Northern BC mayors take strong message to Ottawa on rural opportunities

Seven mayors from across northern British Columbia have taken the rare step of jointly travelling to Ottawa to lobby the federal government in favour of a resource project that will create not just regional, but national prosperity.

The mayors aimed to showcase to the government the benefits that a liquefied natural gas (LNG) export industry would bring to their communities, as well as to the rest of B.C. and Canada. Their communities are the ones most directly affected by the proposed activity that includes natural gas extraction, transportation and processing on the coast.


Mayors on Parliament Hill: Don McPherson (Tumbler Ridge), Lori Ackerman (Fort St. John), Lorraine Michetti (Pouce Coupe), Phil Germuth (Kitimat), Rob Fraser (Taylor), Carol Leclerc (Terrace), Dale Bumstead (Dawson Creek).

According to the Conference Board of Canada, if an LNG industry comprised of one small and two larger LNG facilities is built in B.C., it will grow Canada’s economy by $7.4 billion a year for the next 30 years. These three projects would also raise national employment by 65,000 jobs a year on average and provide $6 billion in taxes to the federal government.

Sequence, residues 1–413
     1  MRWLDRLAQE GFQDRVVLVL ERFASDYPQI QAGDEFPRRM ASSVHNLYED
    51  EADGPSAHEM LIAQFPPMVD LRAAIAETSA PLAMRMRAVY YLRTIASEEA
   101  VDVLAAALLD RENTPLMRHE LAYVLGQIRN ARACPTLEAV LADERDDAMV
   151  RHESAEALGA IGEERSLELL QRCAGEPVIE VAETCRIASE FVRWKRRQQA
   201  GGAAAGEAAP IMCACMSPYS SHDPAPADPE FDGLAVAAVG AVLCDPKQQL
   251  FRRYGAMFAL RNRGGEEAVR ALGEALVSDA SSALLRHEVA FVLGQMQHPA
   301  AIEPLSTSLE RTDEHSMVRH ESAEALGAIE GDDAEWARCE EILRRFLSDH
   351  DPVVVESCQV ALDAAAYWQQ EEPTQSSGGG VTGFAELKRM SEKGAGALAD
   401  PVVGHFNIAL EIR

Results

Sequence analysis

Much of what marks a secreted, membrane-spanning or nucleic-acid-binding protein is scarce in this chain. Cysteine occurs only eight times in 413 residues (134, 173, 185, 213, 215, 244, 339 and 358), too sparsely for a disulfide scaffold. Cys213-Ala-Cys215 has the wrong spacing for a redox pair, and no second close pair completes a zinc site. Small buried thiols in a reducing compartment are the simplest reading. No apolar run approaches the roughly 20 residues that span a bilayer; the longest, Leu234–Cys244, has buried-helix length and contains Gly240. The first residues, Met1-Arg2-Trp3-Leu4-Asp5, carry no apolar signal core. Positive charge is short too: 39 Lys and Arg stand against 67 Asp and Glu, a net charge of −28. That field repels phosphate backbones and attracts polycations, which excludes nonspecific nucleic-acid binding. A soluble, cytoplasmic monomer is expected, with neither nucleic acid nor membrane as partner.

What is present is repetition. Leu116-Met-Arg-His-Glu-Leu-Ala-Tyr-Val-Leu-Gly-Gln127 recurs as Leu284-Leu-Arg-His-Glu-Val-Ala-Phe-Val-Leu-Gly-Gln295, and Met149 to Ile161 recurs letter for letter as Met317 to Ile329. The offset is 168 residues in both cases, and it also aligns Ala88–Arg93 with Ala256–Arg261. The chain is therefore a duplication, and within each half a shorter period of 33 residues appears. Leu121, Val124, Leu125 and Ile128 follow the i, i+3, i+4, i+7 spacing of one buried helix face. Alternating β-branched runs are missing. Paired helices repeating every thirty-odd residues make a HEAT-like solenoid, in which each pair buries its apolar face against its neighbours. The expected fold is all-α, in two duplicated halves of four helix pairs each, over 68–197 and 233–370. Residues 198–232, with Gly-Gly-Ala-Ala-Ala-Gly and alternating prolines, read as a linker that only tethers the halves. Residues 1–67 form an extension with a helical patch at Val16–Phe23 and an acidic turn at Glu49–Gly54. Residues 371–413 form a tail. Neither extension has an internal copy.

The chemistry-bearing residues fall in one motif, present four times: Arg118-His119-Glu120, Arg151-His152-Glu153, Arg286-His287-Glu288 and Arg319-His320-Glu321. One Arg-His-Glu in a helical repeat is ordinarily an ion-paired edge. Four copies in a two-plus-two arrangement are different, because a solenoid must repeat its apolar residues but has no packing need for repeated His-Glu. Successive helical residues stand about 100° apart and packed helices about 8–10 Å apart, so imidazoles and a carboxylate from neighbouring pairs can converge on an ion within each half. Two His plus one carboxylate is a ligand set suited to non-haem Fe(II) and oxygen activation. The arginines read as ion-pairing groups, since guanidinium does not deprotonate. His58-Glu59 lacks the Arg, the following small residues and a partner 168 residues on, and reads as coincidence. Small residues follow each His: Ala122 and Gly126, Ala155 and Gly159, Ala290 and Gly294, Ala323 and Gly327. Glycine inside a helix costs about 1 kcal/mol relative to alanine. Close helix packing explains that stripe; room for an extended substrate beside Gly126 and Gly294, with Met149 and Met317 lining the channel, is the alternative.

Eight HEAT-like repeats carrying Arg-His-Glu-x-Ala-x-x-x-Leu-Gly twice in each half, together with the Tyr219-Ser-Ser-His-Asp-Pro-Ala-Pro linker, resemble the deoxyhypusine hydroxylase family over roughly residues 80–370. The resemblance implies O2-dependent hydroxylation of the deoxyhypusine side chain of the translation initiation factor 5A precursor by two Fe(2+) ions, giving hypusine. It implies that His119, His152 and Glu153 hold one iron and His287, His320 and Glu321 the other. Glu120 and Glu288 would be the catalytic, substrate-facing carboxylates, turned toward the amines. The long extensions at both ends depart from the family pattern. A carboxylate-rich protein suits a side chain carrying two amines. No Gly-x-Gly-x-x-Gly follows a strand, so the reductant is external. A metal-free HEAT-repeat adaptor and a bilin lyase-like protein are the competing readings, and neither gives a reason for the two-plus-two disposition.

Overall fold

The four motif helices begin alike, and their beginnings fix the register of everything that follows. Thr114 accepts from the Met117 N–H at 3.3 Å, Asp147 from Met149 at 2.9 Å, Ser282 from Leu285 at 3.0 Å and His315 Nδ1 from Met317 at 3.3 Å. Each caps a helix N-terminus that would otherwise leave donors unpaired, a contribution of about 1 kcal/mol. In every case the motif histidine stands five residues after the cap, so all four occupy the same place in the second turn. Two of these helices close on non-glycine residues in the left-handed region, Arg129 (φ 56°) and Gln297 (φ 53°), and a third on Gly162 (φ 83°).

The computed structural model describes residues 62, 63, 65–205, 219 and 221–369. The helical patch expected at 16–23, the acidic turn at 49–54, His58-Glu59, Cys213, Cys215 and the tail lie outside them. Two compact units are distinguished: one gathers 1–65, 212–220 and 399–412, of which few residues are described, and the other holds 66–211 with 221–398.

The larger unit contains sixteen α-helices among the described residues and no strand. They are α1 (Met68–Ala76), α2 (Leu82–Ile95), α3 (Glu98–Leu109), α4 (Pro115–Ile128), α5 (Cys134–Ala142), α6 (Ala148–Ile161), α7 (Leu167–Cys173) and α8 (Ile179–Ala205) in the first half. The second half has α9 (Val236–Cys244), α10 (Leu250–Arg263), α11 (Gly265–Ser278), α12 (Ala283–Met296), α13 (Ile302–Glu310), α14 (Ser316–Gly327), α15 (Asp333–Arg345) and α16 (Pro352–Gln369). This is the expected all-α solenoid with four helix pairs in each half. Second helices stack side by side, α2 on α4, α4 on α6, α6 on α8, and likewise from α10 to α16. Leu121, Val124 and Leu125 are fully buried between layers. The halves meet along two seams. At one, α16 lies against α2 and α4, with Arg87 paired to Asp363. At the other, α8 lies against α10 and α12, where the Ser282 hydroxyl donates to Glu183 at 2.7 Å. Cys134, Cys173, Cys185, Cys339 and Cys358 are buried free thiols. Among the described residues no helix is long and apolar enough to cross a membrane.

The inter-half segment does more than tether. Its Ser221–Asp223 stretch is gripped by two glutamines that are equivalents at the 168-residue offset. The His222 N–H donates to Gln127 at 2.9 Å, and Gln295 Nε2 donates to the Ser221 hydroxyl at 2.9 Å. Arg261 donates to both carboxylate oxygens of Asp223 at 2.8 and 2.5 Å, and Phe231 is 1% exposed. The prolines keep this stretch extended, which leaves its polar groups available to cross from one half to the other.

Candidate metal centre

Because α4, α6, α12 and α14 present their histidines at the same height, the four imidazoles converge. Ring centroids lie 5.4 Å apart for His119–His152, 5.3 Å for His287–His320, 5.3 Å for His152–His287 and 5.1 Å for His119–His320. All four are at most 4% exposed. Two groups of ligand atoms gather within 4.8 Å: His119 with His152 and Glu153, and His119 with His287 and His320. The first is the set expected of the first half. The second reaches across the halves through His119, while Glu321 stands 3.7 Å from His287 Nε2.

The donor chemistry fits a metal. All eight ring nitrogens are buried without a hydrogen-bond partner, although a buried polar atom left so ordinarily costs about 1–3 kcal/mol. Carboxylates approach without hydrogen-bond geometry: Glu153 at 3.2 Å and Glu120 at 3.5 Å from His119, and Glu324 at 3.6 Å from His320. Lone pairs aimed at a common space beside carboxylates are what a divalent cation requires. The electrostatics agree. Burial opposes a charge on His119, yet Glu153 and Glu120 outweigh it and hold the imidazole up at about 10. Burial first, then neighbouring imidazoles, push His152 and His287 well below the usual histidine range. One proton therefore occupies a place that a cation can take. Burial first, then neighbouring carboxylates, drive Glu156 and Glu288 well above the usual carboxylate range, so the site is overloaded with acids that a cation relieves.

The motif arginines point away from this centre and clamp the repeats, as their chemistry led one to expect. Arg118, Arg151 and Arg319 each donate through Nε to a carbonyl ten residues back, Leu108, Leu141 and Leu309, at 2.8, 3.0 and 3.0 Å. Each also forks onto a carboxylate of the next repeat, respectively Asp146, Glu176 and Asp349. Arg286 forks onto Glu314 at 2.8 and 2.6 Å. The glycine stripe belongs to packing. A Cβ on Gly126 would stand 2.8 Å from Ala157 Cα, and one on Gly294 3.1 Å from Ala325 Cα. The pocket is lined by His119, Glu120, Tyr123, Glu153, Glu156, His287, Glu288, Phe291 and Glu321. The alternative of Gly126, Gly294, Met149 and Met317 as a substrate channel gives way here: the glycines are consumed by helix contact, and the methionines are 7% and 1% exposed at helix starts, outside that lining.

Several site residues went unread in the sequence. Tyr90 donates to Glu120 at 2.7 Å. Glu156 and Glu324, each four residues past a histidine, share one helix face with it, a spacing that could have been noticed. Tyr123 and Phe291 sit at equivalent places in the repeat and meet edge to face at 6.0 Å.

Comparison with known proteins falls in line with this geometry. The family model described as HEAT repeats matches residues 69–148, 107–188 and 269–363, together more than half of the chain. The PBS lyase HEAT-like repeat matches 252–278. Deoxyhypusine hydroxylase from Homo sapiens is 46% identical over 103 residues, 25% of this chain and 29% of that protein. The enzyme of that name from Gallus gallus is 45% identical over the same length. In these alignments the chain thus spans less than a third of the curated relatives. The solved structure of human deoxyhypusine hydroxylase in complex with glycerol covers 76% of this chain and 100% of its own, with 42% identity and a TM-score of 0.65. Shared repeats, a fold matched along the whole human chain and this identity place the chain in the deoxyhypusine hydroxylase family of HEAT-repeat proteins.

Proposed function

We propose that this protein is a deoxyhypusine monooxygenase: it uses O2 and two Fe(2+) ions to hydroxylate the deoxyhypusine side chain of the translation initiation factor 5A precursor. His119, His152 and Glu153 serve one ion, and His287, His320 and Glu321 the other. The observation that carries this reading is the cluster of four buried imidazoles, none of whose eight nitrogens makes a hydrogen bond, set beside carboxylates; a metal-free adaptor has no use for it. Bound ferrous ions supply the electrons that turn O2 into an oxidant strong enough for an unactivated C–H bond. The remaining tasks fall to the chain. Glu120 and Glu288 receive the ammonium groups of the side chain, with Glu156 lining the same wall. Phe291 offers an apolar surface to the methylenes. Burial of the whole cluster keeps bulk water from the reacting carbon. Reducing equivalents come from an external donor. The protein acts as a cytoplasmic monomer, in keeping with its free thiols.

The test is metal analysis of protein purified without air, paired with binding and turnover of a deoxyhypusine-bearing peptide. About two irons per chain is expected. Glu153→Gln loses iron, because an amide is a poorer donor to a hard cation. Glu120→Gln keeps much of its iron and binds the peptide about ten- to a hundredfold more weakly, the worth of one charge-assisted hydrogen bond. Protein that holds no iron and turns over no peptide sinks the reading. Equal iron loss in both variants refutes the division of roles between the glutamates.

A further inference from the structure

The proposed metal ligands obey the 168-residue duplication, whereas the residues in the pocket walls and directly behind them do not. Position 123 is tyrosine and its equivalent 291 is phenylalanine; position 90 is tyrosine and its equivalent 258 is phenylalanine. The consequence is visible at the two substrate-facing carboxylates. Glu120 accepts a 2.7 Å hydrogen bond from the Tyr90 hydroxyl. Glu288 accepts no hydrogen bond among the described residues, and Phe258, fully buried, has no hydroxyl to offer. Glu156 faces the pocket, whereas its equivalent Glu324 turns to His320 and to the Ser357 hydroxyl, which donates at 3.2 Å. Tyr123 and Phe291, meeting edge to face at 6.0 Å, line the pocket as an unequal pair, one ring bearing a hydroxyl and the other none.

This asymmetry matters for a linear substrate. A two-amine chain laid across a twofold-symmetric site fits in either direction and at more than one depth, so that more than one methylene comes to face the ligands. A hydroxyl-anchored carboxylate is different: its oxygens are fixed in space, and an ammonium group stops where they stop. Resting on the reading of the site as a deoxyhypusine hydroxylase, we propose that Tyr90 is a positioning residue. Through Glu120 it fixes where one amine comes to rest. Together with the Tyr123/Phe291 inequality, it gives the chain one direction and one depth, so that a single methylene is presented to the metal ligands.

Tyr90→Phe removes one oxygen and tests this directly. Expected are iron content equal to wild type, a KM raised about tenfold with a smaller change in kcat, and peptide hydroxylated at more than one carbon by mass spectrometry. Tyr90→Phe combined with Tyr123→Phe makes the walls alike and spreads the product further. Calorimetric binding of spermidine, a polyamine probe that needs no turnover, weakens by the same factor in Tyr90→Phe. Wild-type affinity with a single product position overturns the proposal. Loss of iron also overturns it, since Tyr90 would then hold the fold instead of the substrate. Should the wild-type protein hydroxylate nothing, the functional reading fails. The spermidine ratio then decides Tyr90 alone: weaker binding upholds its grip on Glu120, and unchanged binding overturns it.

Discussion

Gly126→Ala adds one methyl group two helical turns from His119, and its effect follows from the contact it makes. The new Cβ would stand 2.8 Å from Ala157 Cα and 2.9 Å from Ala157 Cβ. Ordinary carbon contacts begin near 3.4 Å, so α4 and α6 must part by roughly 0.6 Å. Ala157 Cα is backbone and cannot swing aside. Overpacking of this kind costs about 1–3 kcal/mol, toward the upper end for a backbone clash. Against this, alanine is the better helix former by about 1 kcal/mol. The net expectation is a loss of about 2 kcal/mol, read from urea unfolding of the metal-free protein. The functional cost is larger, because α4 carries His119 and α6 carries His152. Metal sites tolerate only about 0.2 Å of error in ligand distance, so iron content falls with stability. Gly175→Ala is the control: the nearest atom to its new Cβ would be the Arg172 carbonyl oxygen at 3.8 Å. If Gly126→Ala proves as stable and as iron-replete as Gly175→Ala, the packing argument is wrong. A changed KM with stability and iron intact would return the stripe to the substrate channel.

Premier John Horgan has announced the government has offered incentives for the Shell-led liquefied natural gas (LNG) project in Kitimat. However, it still falls to Ottawa whether a crucial tariff decision on steel components needed for the project will swing toward western Canada's benefit.

Terrace Mayor Carol Leclerc told the Terrace Standard that the northern delegation worked like a “well-oiled machine” when it came to lobbying federal officials on the $40-billion LNG Canada. Mayors met with several federal and provincial representatives, including Natural Resources Minister Jim Carr, the chief of staff for the minister of finance, and Burnaby North-Seymour MP Terry Beech.

“They were so glad to hear our stories and it felt like everybody was rowing the boat in the same direction,” Leclerc told the Standard. “We had a reputation before we got to our meetings because it felt like they knew we were a delegation to be reckoned with. They were teasing, but they knew that we were there and they knew the significance of the message that we were bringing.”

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